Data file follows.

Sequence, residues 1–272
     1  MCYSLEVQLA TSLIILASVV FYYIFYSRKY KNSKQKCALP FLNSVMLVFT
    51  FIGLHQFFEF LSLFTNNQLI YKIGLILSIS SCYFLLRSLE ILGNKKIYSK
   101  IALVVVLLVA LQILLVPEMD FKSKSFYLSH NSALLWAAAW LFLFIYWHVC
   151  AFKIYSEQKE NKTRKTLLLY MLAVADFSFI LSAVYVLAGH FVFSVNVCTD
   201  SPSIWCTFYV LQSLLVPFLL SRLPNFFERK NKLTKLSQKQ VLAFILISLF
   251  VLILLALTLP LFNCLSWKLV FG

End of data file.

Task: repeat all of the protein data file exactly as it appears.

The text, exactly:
Sequence, residues 1–272
     1  MCYSLEVQLA TSLIILASVV FYYIFYSRKY KNSKQKCALP FLNSVMLVFT
    51  FIGLHQFFEF LSLFTNNQLI YKIGLILSIS SCYFLLRSLE ILGNKKIYSK
   101  IALVVVLLVA LQILLVPEMD FKSKSFYLSH NSALLWAAAW LFLFIYWHVC
   151  AFKIYSEQKE NKTRKTLLLY MLAVADFSFI LSAVYVLAGH FVFSVNVCTD
   201  SPSIWCTFYV LQSLLVPFLL SRLPNFFERK NKLTKLSQKQ VLAFILISLF
   251  VLILLALTLP LFNCLSWKLV FG